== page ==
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Burning Issue: Canning Your Own Salsa Recipe

Can I can my own salsa recipe?

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1. Salsas typically are mixtures of acid and low-acid ingredients; they are an example of an acidified food and appropriate for boiling water canning if the final pH of all components is less than 4.6.  If the mixture has less acidity, it would need to be treated as a low-acid canned food and require sufficient research to eliminate a botulism risk as a canned food.  If it is acid enough for boiling water canning, the actual proportions of ingredients and preparation method will help determine what the canning process time should be.  So there is no way to tell someone how to can a homemade salsa without having detailed knowledge of the recipe,  procedures used in preparation, and acidity and consistency of the final product.  The proportions of your tomatoes, peppers, herbs and other vegetables will greatly influence what the safe canning process should be. 

Summary, for all home canned foods:  For home canning recipes, the specific recipe, and usually the preparation method, will determine how the product (salsa, in this case) can be processed--whether in a boiling water canner (BWC) or a pressure canner (PC). A Boiling Water Canner can be used for acid and properly acidified foods, while a Pressure Canner is used for low-acid foods. Then, the process time in the canner will be dependent on the specific recipe and product characteristics.

Here is a link to a Backgrounder on Heat Processing of Home-Canned Foods, that will explain some of the science behind the development of home-canning recipe, especially for low-acid foods or mixtures:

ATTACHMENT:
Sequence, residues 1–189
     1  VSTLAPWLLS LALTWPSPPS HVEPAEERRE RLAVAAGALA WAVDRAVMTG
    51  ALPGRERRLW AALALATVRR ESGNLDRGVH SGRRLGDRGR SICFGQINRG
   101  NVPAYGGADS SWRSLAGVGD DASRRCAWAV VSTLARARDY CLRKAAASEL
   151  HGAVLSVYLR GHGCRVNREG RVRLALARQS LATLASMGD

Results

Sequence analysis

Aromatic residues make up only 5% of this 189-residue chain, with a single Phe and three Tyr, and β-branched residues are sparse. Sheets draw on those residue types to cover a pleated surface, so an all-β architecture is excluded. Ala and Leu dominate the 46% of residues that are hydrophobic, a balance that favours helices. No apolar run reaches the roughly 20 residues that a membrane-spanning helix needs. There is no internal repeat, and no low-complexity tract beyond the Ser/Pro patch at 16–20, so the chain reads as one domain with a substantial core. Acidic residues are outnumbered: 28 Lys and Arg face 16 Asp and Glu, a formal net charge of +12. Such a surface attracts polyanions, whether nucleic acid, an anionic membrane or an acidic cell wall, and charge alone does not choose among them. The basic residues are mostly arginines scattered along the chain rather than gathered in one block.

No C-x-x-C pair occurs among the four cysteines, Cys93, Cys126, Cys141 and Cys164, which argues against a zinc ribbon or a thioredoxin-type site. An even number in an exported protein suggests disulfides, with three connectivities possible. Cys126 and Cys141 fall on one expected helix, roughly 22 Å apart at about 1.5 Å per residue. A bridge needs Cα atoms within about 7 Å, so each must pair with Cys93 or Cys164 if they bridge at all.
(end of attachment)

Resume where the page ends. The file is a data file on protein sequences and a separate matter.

http://www.uga.edu/nchfp/publications/nchfp/factsheets/heatprocessingbackgrounder.html
It explains why it is not always possible to home can foods like those that are commercially available/store-bought, or your own recipes.

2.  Our USDA and Cooperative Extension recipes and processes for home canning are all tried and tested, and processing times decided upon for the recipe as provided and tested.  We only recommend recipes and procedures we know to be safe, and encourage consumers to use tested, science-based home-canning recipes from reliable sources like our website or some equipment or home preserving ingredient manufacturers. Our recommended home canning recipes for salsa, as well as a discussion of how ingredients impact safety, are collected in this publication:
http://www.uga.edu/nchfp/publications/uga/sensational_salsa.pdf
The same, but individual recipes with links to background information in some of them:  http://www.uga.edu/nchfp/how/can_salsa.html

3.  Someone new to canning or who has not read general canning principles should start with those principles: http://www.uga.edu/nchfp/how/general.html
and know how canners are meant to be used, whether for boiling water or pressure canned products:
http://www.uga.edu/nchfp/publications/uga/using_bw_canners.html
http://www.uga.edu/nchfp/publications/uga/using_press_canners.html